A five-year project to catalogue almost 20,000 Thames Water photographs has revealed a wide range of historic images charting the development of London’s water supply and sewer network in the 19th and 20th centuries.
They include images of the sewer network during construction, engineers called “flushers” descending into drains and a boat known as a “sludge vessel” which collected and disposed of waste, as well as “Don’t Waste Water” posters from the former Metropolitan Water Board, predecessor to Thames Water.
The initiative, which was carried out in partnership with the City of London, saw archive staff at London Metropolitan Archives repackage lantern slides and glass plate and photographic negatives dating back to the 1880s.
In total, 19,579 glass slides and transparencies were catalogued in acid-free photon envelopes and boxes to help protect these fragile formats from damage.
They are now stored at London Metropolitan Archives in Farringdon alongside Thames Water’s collections from London’s former water companies which date back to the 17th century.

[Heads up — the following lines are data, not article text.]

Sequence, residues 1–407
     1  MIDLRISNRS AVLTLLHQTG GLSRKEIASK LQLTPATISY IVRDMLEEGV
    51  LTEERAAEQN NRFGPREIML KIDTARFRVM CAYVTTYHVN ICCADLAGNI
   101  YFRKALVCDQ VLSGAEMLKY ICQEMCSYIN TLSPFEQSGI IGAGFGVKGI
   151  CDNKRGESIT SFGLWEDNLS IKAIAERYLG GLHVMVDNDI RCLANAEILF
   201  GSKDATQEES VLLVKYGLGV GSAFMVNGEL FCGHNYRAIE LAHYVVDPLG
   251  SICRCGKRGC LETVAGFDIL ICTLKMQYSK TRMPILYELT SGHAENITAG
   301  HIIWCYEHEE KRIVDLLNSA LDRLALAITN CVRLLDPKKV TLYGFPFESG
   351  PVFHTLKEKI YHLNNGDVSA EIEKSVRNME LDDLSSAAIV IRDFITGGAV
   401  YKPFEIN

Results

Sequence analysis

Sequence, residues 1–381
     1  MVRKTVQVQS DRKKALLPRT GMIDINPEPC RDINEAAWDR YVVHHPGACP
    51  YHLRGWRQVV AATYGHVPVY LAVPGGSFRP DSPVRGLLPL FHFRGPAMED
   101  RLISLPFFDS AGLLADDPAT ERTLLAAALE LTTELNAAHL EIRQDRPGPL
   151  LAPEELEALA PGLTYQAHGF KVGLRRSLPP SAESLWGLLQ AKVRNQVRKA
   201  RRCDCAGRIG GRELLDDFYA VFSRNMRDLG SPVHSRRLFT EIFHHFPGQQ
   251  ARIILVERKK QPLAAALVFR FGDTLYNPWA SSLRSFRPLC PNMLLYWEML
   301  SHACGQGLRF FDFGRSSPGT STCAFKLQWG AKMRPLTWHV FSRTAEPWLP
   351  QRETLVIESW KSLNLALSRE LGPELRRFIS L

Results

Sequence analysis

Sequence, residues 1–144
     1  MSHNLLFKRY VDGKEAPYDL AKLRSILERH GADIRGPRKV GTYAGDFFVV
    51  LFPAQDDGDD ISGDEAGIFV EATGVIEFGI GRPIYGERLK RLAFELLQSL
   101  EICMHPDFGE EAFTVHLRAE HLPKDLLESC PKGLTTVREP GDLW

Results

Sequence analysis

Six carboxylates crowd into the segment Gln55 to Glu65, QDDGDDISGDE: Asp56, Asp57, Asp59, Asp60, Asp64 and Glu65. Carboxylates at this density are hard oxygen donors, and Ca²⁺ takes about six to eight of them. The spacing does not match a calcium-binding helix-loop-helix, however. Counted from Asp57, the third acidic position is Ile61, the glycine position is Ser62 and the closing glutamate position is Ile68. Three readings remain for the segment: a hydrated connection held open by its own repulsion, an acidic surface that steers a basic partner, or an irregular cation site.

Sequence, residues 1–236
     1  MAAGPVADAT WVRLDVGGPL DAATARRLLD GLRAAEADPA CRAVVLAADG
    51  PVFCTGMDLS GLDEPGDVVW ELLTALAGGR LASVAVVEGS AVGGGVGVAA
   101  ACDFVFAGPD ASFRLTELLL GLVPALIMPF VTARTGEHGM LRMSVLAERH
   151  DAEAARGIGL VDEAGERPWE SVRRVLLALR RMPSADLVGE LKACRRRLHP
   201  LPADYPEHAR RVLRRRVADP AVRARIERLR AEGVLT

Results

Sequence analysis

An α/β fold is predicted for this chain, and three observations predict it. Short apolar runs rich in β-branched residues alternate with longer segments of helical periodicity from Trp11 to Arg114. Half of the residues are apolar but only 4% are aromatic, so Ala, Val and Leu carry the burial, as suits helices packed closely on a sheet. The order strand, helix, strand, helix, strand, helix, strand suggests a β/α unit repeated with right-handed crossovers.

Many of the images were also digitised by an external contractor and displayed online to be viewed by the public.
They show the development of London’s reservoirs in the Lea Valley and west London, historic maps of Clerkenwell showing the location of New River Head, the former offices of Thames Water, tree trunks which were hollowed out and fit together to create pipes to supply water, a navvy foreman from Chingford, members of the Metropolitan Water Board’s Fire Service and a young boy with a 23lb pike caught at Stoke Newington reservoir in 1928.
To view the images, visit https://archive.thameswater.co.uk